How to Replace the Neurons that Die off in Parkinson’s Disease

When disease or old age ravage the body, it would be great to turn back the clock by swapping out the damaged cells, replacing them with new ones, like for like. Pluripotent stem cells (PSCs) self-replicate and have the potential in the human body to develop into almost any cell type. As such, they have long held potential in the development of regenerative medicines. But obtaining a steady supply of PSCs proved challenging for a number of reasons.

In 2006, researchers introduced a method to reprogram adult cells into a pluripotent state. These induced pluripotent stem cells (iPSCs) could then be coaxed to differentiate into different cell types. Fifteen years on, iPSC technology has become the basis for many drug development efforts, and it could one day change the outlook for millions of people.

iPSC-based therapies could replace, for example, the neurons that die off in Parkinson’s disease or the retinal tissue damaged by macular degeneration. Or perhaps they could obviate the need for a heart transplant. The technology is a marked change for big pharma.

Neurons, derived from stem cells, have potential to replace those lost to Parkinson’s disease. But delivering the cells, and ensuring they survive and integrate, are still big challenges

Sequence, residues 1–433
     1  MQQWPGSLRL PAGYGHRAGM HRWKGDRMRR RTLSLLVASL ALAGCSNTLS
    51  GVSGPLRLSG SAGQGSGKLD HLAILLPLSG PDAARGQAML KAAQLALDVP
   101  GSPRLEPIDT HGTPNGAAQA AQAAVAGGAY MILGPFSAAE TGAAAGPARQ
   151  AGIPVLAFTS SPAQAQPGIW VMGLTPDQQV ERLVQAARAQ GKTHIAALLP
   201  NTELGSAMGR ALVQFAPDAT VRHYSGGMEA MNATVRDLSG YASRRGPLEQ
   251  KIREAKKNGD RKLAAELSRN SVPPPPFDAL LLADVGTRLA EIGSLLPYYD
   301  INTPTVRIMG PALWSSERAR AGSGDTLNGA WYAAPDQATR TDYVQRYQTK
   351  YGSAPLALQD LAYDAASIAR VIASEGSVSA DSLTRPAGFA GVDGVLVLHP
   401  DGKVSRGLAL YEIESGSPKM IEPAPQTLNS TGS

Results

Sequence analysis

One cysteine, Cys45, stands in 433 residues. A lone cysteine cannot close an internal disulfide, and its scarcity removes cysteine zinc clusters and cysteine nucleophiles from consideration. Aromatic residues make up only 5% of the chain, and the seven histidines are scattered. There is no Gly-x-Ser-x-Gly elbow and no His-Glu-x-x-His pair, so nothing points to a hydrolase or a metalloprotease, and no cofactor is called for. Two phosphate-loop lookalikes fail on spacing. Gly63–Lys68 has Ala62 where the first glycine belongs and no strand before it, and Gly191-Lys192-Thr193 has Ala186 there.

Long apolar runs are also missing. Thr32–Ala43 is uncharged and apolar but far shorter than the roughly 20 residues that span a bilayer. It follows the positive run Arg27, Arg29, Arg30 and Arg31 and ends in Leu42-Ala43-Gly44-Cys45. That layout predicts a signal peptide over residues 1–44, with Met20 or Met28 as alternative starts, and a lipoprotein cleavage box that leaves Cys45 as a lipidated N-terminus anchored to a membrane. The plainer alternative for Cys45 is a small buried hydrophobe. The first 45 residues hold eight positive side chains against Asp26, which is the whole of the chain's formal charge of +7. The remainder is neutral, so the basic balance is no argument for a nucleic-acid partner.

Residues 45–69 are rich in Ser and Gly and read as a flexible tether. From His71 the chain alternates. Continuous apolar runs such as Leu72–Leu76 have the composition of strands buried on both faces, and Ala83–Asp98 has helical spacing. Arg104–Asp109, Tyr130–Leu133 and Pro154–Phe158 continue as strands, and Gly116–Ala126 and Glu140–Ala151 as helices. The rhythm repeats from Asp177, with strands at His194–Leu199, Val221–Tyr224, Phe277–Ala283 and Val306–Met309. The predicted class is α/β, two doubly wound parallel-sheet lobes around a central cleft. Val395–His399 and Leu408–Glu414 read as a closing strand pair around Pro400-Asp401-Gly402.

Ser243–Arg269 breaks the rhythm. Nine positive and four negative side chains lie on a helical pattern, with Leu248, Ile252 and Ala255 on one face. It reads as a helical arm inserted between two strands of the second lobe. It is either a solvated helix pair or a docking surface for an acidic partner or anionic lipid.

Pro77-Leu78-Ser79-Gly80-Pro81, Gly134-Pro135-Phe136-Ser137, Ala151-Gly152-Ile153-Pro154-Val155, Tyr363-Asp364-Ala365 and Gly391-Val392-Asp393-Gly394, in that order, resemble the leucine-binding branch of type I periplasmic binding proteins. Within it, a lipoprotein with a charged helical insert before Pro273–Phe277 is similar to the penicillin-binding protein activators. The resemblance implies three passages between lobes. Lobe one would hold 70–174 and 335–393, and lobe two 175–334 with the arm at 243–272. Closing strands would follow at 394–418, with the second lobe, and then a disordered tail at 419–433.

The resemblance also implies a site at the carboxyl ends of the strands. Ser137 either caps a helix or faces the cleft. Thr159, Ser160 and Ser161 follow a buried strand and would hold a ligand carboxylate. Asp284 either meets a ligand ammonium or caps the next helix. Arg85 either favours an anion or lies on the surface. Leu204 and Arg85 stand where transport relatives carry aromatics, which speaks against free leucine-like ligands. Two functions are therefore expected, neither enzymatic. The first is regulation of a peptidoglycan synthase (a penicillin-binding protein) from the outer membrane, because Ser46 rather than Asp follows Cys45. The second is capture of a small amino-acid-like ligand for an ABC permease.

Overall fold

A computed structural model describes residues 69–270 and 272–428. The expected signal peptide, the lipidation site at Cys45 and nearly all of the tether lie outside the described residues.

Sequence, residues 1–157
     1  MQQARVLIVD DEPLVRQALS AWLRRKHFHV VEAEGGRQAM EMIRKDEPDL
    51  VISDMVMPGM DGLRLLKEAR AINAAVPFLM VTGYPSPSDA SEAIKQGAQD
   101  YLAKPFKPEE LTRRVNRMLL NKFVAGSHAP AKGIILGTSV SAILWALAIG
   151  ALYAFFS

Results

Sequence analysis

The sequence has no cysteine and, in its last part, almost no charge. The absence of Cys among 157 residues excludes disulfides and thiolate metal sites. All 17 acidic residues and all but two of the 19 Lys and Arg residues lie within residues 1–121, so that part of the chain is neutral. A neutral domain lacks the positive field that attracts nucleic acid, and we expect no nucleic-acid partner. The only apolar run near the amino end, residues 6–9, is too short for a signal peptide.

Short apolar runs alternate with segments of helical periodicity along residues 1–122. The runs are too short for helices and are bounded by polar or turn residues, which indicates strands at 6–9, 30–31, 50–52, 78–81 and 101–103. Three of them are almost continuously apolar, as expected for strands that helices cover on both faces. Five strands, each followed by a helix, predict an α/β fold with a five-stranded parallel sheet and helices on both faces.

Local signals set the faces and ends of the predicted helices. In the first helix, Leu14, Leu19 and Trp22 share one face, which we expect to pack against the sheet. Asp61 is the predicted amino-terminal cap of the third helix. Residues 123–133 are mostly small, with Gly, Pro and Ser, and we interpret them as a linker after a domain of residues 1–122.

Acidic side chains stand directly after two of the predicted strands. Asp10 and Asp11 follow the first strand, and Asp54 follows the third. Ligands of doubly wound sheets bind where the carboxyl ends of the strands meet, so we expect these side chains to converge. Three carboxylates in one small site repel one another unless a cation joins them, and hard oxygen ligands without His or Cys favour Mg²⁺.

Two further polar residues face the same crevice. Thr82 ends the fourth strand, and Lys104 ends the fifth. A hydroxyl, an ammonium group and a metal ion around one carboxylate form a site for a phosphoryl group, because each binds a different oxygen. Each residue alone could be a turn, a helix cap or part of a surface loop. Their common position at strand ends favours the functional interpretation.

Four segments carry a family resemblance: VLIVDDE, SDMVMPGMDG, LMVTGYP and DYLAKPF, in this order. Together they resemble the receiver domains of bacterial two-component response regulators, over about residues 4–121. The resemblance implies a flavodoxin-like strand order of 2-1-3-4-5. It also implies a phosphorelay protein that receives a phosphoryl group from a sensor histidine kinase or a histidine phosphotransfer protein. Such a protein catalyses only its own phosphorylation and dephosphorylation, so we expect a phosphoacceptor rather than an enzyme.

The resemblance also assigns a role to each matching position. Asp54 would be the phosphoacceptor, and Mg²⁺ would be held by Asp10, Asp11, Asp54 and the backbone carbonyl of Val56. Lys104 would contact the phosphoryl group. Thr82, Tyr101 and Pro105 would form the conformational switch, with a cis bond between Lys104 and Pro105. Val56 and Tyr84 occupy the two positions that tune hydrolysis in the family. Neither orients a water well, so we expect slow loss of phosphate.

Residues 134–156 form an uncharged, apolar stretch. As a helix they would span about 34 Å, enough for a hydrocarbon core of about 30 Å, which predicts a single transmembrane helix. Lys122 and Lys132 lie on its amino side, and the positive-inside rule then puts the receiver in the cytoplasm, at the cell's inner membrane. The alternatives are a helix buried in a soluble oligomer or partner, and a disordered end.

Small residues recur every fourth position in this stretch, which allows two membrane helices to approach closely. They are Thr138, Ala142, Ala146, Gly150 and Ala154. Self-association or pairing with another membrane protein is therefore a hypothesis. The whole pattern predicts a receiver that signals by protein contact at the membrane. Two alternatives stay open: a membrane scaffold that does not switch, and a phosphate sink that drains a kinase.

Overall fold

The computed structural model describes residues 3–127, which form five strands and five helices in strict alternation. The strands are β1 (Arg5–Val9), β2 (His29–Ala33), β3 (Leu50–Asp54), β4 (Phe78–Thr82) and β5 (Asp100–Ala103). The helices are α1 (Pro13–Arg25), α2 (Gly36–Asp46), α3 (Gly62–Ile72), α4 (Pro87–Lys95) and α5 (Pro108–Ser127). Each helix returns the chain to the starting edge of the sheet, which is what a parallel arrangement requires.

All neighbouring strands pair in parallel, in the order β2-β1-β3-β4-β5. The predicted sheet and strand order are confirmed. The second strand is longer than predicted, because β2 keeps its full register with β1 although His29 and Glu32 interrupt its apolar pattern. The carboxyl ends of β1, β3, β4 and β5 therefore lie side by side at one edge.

This is a completely different way of looking at medicine—replacing diseased cells rather than drugging them. And we’re right on that precipice,” says Seth Ettenberg, Chief Executive Officer of BlueRock Therapeutics, a biotechnology company headquartered in Cambridge, MA, and a Bayer subsidiary. “It’s an incredibly exciting time for the field.

Using tools such as gene-editing, researchers are seeking to make iPSC-based treatments more effective. The past few years have seen significant progress in the development of treatments.

Parkinson’s disease (PD) is a neurodegenerative disorder that affects more than ten million people worldwide, characterized by the progressive loss of dopamine-producing midbrain neurons, which causes tremors and other motor and neurological symptoms. Mainstay treatments can alleviate symptoms, but do not halt disease progression.

Researchers hope that iPSC-based therapies could replace the neurons killed as Parkinson’s disease progresses. Dopamine-producing neurons derived from iPSCs have been shown to improve behaviour in a rat model of PD. In one patient, dopamine cells from autologous iPSCs seemed to stabilize or even slightly improve motor symptoms 18-24 months after transplantation.

The brain is a difficult organ to access, however. “Cells will be administered to the midbrain via neurosurgery using devices designed to ensure cells are not damaged during delivery,” says Stefan Frank, associate director of Bayer’s iPSC platform strategy. “The cells then need to stay there, survive and integrate.”


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